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Another post-MedImmune declaratory judgment jurisdiction decision

The Federal Circuit addressed the requirements for declaratory judgment jurisdiction in a published decision for the second time this week. This time the parties are pharmaceutical companies, but the result is the same: the lower court, applying the old "reasonable apprehension of suit" standard, found no jurisdiction, the Federal Circuit, applying a post-MedImmune standard reverses, […]

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Patent Term Extensions: A Leap Frog of Sorts to Set Expiration Date

In a case before the Federal Circuit, the court affirmed the district court's decision that a patent term extension under the Hatch-Waxman Act, 35 U.S.C. § 156, may be applied to a patent subject to a terminal disclaimer under 35 U.S.C. § 253. The Federal Circuit found that the language of § 156 is unambiguous […]

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Second Circuit rejects famous marks doctrine

In a recent decision, the Second Circuit held that a trademark holder who has abandoned use of its mark in the United States cannot prevent others from using the mark because the mark is famous in the United States based on use in a foreign country. This concept is referred to as the "famous marks […]

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Trademark infringement helping the needy?

In November, 2006, approximately $200,000 worth of action figures were detained at the United States-Canada border by US Customs and Border Protection. They were stopped under the authority granted to the US Customs and Border Protection office, to prevent importation of goods that violate another company’s trademark or copyright rights. In order to take advantage […]

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USPTO releases strategic plan for 2007-2012

Today the USPTO released its strategic plan for the next five years, 2007-2012. The summary is available here, and the full plan here. Some thoughts on the strategic plan after the jump.After a quick read-through, much of the strategic plan appears to be a “let’s keep doing what we’re doing right and stop doing what […]

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Federal Circuit considers DJ jurisdiction post-MedImmune: Is an offer of license now enough?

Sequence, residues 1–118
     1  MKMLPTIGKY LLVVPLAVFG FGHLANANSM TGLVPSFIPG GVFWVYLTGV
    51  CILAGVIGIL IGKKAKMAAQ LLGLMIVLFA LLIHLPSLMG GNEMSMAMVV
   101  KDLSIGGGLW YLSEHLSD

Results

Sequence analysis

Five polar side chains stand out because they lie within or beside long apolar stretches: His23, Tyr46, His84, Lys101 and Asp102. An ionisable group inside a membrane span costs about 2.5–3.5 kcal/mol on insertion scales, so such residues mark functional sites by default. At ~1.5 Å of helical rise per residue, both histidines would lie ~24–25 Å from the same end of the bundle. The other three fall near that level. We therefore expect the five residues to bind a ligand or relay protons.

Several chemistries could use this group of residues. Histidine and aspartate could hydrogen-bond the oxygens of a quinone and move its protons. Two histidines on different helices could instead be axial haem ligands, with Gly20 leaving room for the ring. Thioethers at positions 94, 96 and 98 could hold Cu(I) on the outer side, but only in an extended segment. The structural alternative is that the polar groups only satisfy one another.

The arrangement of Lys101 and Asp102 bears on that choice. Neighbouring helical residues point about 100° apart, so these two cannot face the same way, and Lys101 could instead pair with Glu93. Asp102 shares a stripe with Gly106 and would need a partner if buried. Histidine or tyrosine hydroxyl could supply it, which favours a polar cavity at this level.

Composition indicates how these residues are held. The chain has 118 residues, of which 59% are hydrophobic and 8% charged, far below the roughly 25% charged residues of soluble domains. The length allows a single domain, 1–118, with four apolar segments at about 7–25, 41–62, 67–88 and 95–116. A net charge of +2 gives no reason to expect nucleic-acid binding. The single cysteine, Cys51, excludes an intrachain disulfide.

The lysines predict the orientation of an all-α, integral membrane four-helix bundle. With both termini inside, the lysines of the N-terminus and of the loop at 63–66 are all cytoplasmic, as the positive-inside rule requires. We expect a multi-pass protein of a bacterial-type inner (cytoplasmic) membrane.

In a very interesting opinion, the Federal Circuit today addressed what is required to support jurisdiction for a declaratory judgment by a party under threat of a possible patent infringement lawsuit. This is the first substantive discussion of the issue since the Supreme Court's decision in MedImmune, where the Court held that a patent licensee […]

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Wall Street Journal on Viacom v. YouTube

Walter Mossberg of the Wall Street Journal has a column discussing the Viacom v. YouTube case (previously blogged about here). Mr. Mossberg thinks the problem is not confined to the particular dispute between Viacom and YouTube/Google, but rather is indicative of a need for greater guidance in copyright law from Congress. The Digital Millennium Copyright […]

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Be careful what you wish for: broad claims found invalid

In another case making a return trip to the Federal Circuit, the court held that under its broad claim construction decided in the first appeal, the asserted claims were invalid in two patents as not enabled and in two more as anticipated. In order to secure a finding of infringement, the patentee, Liebel-Flarsheim, argued for […]

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Obviousness: A Primer by the Federal Circuit

In a case before the Federal Circuit, the district court's holding that a patent was valid and enforceable was rejected, not only because the Federal Circuit found the holding incorrect, but also because the holding reflected a serious misconception regarding the proper burden of proof each party bears in patent litigation. The Federal Circuit set […]

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Inequitable Conduct Found in False Statements and Deception

In a case before the Federal Circuit, the District Court’s conclusion that Cantor’s patent was unenforceable due to inequitable conduct was affirmed. The matter before the Court involved a patent for a method and system for trading financial instruments. Specifically, Cantor developed a system that would automate the trading process and avoid the use of […]

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